Howard Gardner considered the perception of recurrent patterns, including numerical patterns to be the core of logical mathematical intelligence (Gardner, 1983/2011; 2006). For Rudolph Arnheim perceptual sensitivity to visual order of shapes seen as patterned forces may underlie our existence (Arnheim, 1969/2004, 1988, 1990). This notion may somehow correspond to the way computer scientists talk about the codes in terms of patterns. Programming languages such as HTML or Processing may also be seen as the information and communication tools, which draw from the numeral perception and serve for nonverbal communication between individuals and computers as well as for HCI. In contrast with the Arabic decimal system used today almost everywhere, the Mayans counted with fingers and toes creating a vigesimal system based on groups of twenty units (Maya Mathematical System, 2016). One may wonder whether the covering of toes with shoes might influence the developing of counting systems by limiting possibility to use this counting tool to ten. The same message can be conveyed and received in many ways: visually with the semaphore flags (signals made with hand-held flags, rods, disks, paddles or just hands), sonically (e.g., short versus long sounds), or through the international Morse code distress signal (· · · — — — · · ·).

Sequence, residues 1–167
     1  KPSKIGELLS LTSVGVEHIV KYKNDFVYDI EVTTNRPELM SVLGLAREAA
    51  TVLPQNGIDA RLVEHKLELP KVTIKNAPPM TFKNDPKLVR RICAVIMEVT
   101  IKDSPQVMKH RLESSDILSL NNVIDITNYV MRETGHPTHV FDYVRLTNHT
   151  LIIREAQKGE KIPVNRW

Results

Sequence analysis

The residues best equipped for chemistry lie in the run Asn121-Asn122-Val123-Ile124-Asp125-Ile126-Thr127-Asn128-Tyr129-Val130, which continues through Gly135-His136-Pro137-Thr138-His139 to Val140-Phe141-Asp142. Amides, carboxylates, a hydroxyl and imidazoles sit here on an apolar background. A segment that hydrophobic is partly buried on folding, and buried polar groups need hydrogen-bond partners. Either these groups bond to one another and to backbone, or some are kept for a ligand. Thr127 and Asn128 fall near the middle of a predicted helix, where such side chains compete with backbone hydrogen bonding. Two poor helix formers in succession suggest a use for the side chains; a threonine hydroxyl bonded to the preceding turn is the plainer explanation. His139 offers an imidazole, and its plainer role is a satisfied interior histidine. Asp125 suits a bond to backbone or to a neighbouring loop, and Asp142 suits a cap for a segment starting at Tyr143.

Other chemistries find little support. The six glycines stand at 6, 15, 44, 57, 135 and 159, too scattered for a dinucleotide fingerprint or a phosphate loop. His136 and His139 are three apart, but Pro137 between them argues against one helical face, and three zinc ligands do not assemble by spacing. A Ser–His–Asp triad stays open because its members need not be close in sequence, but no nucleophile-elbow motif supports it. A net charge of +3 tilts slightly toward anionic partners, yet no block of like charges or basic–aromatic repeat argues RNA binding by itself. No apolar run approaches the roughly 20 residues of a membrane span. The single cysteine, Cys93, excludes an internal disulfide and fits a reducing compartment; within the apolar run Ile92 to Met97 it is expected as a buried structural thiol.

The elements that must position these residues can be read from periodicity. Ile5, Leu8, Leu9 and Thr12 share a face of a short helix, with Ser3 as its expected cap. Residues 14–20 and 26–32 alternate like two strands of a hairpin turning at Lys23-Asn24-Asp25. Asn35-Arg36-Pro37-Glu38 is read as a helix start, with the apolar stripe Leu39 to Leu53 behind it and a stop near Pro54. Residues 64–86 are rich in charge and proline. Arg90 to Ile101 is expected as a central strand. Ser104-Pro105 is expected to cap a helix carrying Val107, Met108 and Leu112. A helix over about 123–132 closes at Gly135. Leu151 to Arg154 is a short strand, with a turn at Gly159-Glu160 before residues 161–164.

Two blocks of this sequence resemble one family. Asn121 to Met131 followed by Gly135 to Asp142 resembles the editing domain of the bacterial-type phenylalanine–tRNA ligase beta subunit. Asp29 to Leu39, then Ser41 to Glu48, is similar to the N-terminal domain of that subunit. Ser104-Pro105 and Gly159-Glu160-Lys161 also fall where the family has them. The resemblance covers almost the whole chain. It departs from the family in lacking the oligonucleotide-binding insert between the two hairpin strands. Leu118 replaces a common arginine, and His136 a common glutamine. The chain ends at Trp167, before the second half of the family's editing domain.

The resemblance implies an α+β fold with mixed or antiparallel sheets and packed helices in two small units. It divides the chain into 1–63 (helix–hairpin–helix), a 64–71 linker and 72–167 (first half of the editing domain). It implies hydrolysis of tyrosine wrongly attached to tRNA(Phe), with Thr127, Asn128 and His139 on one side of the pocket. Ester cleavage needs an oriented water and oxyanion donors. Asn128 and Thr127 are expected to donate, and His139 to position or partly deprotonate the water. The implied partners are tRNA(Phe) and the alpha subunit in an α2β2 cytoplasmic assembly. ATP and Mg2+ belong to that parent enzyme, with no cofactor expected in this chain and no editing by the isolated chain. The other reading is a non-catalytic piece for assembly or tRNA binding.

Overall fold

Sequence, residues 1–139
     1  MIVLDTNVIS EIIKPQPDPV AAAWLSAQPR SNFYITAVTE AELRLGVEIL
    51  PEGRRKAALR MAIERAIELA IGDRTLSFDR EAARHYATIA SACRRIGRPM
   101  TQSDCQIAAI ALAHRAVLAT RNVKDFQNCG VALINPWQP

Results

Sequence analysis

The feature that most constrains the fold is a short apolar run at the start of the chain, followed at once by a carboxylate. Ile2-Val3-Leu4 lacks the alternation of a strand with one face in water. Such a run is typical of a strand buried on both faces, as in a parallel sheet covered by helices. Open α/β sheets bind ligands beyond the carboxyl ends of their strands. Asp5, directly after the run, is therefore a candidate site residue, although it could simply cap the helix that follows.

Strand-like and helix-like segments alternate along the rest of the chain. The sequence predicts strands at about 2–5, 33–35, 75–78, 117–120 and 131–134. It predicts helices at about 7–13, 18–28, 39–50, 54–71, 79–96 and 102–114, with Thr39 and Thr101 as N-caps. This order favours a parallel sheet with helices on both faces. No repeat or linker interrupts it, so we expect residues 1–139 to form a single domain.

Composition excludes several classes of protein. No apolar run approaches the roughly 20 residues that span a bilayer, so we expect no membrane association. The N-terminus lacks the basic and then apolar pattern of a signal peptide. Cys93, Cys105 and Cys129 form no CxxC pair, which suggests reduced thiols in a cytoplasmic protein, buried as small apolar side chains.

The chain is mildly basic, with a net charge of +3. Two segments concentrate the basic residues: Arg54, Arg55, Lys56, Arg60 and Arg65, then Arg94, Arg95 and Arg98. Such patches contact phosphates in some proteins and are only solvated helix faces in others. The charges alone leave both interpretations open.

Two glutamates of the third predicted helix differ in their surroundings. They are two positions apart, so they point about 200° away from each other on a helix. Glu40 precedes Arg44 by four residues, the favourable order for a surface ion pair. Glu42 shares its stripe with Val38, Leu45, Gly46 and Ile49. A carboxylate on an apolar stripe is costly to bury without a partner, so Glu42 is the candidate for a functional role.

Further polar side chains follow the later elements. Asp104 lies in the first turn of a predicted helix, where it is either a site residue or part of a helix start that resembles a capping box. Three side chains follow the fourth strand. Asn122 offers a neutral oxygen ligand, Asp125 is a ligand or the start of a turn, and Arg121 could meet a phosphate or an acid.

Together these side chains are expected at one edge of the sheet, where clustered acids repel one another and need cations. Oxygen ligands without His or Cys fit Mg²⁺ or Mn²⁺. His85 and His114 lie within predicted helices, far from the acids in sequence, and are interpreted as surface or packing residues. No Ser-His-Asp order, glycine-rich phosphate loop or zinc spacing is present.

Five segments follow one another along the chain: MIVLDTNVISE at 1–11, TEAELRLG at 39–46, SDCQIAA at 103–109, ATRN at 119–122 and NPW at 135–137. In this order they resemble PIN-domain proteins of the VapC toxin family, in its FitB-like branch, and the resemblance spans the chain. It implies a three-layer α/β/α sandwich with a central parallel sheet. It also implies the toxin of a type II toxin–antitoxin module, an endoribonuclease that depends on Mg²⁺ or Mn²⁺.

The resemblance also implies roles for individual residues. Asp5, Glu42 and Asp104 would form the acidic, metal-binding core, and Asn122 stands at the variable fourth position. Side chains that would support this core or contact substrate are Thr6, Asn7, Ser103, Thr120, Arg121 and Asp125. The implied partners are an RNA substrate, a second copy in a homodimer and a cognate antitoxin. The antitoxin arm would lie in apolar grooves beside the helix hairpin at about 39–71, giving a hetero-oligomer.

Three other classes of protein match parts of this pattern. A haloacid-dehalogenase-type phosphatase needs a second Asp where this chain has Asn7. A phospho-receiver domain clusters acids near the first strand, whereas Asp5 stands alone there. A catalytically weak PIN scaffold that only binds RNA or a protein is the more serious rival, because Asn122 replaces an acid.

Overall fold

Communication may be here seen as an exchange of sensory information in the form of different kinds of perception through the senses. Signals coming from the senses are often combined to convey a clear message. For example, we can receive information about numbers from various senses looking at patterns, listening to sounds, feeling vibrations or reading numbers.